Signal Hill hikers tire of seeing trash on the trail, start picking it up themselves

·4 min read
Jennifer Cherniwchan said this is a sight she's has seen a lot at the historic site.  (Submitted by Jennifer Cherniwchan - image credit)
Jennifer Cherniwchan said this is a sight she's has seen a lot at the historic site. (Submitted by Jennifer Cherniwchan - image credit)

On a windy April evening, Jennifer and husband Nick Cherniwchan find themselves bent over more often than upright on an evening walk up to Cabot Tower.

"[It's] a little bit disappointing because it's such a beautiful spot and we're so lucky to live here," Nick said.

"[The trash] does take away from that".

The pair moved to Newfoundland and Labrador from Calgary three years ago when Nick took a job in St. John's. With scenic Signal Hill so close their home, they spend a lot of time in and around the trails.

Almost immediately, the two noticed that litter was tarnishing their walks near the historic site.

Rather than sit idly by, they began bringing bags with them and would stop to pick up trash along the way. They say the biggest culprits are fast food coffee cups, dog poop bags, discarded Kleenex and beer cans.

Another problem the pair pointed out is that when the garbage bins fill up, some people seem content to just leave their trash next to it — almost always resulting in it blowing down the hill.

"We could do more," Jennifer said. "We just don't always want to be carrying a bag of trash when we're hiking."

"When we think of bringing family here, we want Signal Hill to be something that we're proud of and something we can show off," said Nick.

The Cherniwchans show off how much trash they picked up in a just a few minutes.
The Cherniwchans show off how much trash they picked up in a just a few minutes. (Jeremy Eaton/CBC)

Parks Canada isn't too pleased with the trash it's seeing on its Newfoundland and Labrador sites either. In March, Park Warden Janelle MacLeod took to Facebook to show off coffee cups she found on the ground in Terra Nova National Park.

A caption for the photo reads: "not only is littering dangerous to wildlife, it's also against the National Park Act and can result in fines."

A spokesperson for the agency said in an email that Signal Hill staff want to remind hikers and walkers to "Leave no Trace" and either dispose of their garbage in the bins provided or pack out everything they pack in.

Like the Cherniwhan's, the agency acknowledges that most people are respectful of its outdoor areas including trails, and dispose of garbage in the bins provided. But there are times when litter can be found in these areas which negatively impacts the natural landscape and the experience for other visitors.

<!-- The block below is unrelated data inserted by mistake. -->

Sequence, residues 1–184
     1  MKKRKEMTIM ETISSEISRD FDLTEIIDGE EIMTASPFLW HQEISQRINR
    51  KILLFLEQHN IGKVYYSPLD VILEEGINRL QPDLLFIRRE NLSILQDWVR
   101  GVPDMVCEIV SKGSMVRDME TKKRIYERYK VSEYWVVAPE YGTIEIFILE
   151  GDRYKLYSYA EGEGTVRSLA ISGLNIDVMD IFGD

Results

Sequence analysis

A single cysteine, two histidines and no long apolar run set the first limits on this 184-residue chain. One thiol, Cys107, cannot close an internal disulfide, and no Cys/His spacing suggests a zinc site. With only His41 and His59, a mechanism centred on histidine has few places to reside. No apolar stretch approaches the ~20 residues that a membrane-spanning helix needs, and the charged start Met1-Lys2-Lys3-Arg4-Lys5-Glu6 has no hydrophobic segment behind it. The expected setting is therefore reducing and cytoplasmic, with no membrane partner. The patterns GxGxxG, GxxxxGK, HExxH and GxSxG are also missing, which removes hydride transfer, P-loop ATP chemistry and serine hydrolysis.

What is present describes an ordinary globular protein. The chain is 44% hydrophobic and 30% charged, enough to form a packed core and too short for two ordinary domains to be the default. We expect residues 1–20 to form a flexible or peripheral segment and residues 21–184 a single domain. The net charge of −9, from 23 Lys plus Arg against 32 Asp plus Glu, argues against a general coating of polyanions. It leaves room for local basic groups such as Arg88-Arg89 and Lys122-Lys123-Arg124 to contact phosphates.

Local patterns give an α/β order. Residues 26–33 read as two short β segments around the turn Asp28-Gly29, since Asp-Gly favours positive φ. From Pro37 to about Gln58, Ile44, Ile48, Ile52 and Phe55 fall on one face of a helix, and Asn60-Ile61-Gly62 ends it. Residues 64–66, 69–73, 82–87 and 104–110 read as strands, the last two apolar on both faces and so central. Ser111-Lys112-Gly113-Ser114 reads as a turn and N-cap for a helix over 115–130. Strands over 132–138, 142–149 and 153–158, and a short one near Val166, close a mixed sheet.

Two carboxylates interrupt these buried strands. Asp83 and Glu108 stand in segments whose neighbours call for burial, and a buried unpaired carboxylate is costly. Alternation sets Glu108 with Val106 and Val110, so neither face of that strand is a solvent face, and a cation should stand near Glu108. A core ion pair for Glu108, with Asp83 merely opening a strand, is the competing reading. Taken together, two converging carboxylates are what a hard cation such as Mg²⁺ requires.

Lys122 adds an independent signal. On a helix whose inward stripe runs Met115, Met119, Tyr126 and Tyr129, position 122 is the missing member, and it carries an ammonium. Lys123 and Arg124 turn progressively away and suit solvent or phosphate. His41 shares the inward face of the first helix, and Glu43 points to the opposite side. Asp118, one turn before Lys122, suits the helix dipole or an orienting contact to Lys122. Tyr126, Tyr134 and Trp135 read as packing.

As for the full garbage cans the Cherniwhan's have spotted, Parks Canada says the bins are checked and emptied on a regular basis.

With Winter now over, additional clean up and maintenance is underway at Signal Hill as staff gears up for its season opening.

Park Warden Janelle MacLeod poses for a photo holding garbage she found on the side of the road in Terra Nova National Park.
Park Warden Janelle MacLeod poses for a photo holding garbage she found on the side of the road in Terra Nova National Park.(Parks Canada/Facebook)

But it's not just on Signal Hill, according to the Cherniwchan's.

The couple has seen rubbish along the East Coast Trail as well — hiking the entirety of that trail since they came to the province.

Both admit that while its disappointing to see the trash, they have been inspired by others who cleaning up the garbage as they go.

They wanted to speak up to draw attention to an issue that is often as overlooked as a Tim Hortons cup left behind on the trail.

"Taking ownership as individuals and then doing your part when you see it to just pick it up," said Nick.

"Picking up the odd can, picking up the odd Mary Browns container, Tim Horton's cup, that makes all the difference."

Nick and Jennifer Cherniwchan hope others will follow in their footsteps and collect trash on the trails.
Nick and Jennifer Cherniwchan hope others will follow in their footsteps and collect trash on the trails.(Jeremy Eaton/CBC)

His wife would like to see the park do a little more to help educate the public or even consider levying fines against the offenders.

"I know at the very top, at the start of the North Head trail, there are no signs about 'do your part'," Jennifer said. "Even if they're disposable, don't leave the bags lying around."

Parks Canada said the signs are something the site is considering.

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